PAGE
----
Wait til Next Year . . . is making a come back.

I am going to mix a bit of the philosophy of my life into this blog as I continue to highlight some of my baseball card collection. (hoping the card collectors of this world welcome me back)

Its been a tough 18 months for me . . . the Chicago Cubs have had it rough as well.

This site will be devoted to all those who need to define what "wait til next year" means.

Wednesday, April 1, 2009

"It's a beautiful day for a ball game . . .

. . . lets play two". That is only one of so many "happy" quotes from Mr. Cub, Ernie Banks.

Today is April 1st (no pranks planned) and marks the 101st day of my blog. I do know 101 days is nothing to "shout about" in the world of the blogsophere but 101 is an important number (this year) for Cub-dome.

So I thought I would revert back to the reasons why I started this blog and do a post on a Chicago Cub of my youth, the one and only Ernie Banks.
This 1964 card, # 55 has several things I like about it. First, the 1964 set is appealing to me; the traditional white border and large team name offset by the usual portrait (or posed) photo of the day. This thoughtful head shot of Banks makes me think "what is he thinking about" ? Could it be that he is staring out to the horizon as he just completed his tenth year in the majors and saying to himself "awards mean a lot, but they don't say it all. The people in baseball mean more to me than statistics" (yes another quote from Banks himself).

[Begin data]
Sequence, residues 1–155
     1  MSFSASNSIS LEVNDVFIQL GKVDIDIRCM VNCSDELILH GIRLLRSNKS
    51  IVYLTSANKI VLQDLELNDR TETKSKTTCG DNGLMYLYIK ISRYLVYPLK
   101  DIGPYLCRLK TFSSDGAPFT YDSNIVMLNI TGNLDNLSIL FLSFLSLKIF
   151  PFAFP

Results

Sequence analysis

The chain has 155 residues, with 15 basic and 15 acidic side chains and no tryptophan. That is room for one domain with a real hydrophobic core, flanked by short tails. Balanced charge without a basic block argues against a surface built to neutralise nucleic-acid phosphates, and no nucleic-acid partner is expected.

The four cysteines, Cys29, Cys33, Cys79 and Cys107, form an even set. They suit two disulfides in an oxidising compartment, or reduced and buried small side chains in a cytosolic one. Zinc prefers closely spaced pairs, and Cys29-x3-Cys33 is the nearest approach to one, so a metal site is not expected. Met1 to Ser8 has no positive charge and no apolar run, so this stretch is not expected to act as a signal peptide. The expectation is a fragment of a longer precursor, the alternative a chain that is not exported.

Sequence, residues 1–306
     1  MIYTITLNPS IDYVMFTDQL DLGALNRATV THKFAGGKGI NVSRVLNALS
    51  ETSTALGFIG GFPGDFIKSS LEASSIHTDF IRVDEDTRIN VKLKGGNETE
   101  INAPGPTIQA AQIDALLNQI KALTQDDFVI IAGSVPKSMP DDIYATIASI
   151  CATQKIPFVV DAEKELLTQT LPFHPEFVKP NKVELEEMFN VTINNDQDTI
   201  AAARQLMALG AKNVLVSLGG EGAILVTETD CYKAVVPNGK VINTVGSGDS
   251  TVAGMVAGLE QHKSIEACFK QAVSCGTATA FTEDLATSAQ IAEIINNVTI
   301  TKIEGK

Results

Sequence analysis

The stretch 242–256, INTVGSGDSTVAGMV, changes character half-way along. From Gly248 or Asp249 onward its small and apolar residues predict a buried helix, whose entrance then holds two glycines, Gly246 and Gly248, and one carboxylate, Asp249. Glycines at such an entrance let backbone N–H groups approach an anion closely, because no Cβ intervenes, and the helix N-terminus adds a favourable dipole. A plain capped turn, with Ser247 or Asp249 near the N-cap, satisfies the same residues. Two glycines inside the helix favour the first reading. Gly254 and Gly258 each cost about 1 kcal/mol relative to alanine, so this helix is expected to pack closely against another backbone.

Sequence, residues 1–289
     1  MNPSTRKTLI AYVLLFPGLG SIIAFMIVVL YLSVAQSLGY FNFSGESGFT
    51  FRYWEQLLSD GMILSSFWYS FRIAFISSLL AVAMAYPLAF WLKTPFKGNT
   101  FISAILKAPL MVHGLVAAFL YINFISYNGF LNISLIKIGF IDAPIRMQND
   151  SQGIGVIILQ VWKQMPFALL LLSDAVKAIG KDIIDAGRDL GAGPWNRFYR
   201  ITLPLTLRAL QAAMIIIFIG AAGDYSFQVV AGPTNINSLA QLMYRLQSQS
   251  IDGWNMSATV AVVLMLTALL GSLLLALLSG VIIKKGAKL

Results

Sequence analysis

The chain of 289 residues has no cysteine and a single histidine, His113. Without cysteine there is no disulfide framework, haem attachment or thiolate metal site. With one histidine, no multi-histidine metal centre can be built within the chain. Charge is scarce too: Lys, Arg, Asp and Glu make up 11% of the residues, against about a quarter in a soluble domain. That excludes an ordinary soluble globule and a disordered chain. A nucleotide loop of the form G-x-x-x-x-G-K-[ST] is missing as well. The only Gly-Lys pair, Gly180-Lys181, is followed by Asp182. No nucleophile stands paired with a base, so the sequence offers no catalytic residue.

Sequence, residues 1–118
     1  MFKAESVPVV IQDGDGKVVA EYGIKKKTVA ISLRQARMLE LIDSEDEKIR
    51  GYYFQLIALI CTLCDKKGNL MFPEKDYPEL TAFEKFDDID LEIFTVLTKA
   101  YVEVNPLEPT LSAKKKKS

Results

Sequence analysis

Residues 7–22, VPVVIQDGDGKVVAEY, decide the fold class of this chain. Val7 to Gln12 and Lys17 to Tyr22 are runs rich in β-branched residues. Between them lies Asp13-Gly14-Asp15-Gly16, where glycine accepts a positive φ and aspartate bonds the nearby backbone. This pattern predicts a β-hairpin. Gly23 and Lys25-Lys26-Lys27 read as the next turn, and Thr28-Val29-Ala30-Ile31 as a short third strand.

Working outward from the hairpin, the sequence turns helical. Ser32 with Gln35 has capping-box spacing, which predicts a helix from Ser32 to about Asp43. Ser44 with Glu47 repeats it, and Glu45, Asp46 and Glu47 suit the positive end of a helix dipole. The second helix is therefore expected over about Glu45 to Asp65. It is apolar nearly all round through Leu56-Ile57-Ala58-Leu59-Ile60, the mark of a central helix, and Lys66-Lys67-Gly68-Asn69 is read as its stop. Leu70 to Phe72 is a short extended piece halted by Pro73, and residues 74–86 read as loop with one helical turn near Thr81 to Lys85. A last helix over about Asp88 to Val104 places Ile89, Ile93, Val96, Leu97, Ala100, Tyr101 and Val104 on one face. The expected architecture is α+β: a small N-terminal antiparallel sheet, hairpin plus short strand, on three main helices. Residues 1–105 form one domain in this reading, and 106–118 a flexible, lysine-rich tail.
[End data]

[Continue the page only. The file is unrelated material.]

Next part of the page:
The back of this card is that unusual orange (this scan does not do it justice, sorry) with a clever rub off question / answer panel. This card asks "Who was the last AL man to pinch hit 2 consecutive HR's ?" A rather odd question for the two-time NL MVP (1958, 59) and "super star" but . . . the answer is Johnny Blanchard of the Yankees in 1961 (as an aside, Blanchard recently passed away on March 25th, 2009 at the age of 76).
I also like the back of this 1964 card of Banks for this reason; he just completed his tenth full year in the majors and the stats are easy to calculate his career year-to-year averages (just divide by ten or drop the last number, you can do the math): 1500 games, 1617 hits, 250 doubles, 353 HR' and 1026 RBI's. Not too bad for the first ten years of his career.

While Banks would keep this pace up until age and injuries hit him during the 1970 and 1971 campaigns, his career numbers are pretty impressive; 2528 games, 2583 hits, 407 doubles, 512 HR's and 1636 RBI's.

Banks ranks fourth all-time for most homeruns hit for one team and playing for one team only. Only Mike Schmidt (548), Mickey Mantle (536) and Ted Williams (521) who spent their entire careers with only one team and hit more homeruns.

It is only natural to end this post with another quote from Banks himself: "Work ? I never worked a day in my life. I always loved what I was doing, had a passion for it."

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